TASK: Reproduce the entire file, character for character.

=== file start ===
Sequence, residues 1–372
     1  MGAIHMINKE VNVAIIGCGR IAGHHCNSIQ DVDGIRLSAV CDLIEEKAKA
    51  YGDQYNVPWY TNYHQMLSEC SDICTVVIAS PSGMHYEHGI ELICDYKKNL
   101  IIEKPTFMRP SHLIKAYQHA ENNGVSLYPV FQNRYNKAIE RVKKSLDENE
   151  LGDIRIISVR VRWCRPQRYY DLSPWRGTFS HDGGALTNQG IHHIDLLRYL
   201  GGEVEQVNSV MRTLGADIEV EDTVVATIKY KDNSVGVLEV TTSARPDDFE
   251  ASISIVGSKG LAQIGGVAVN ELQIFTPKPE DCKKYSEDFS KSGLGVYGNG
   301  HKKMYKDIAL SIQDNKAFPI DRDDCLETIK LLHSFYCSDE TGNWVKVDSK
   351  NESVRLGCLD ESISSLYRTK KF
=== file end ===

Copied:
Sequence, residues 1–372
     1  MGAIHMINKE VNVAIIGCGR IAGHHCNSIQ DVDGIRLSAV CDLIEEKAKA
    51  YGDQYNVPWY TNYHQMLSEC SDICTVVIAS PSGMHYEHGI ELICDYKKNL
   101  IIEKPTFMRP SHLIKAYQHA ENNGVSLYPV FQNRYNKAIE RVKKSLDENE
   151  LGDIRIISVR VRWCRPQRYY DLSPWRGTFS HDGGALTNQG IHHIDLLRYL
   201  GGEVEQVNSV MRTLGADIEV EDTVVATIKY KDNSVGVLEV TTSARPDDFE
   251  ASISIVGSKG LAQIGGVAVN ELQIFTPKPE DCKKYSEDFS KSGLGVYGNG
   301  HKKMYKDIAL SIQDNKAFPI DRDDCLETIK LLHSFYCSDE TGNWVKVDSK
   351  NESVRLGCLD ESISSLYRTK KF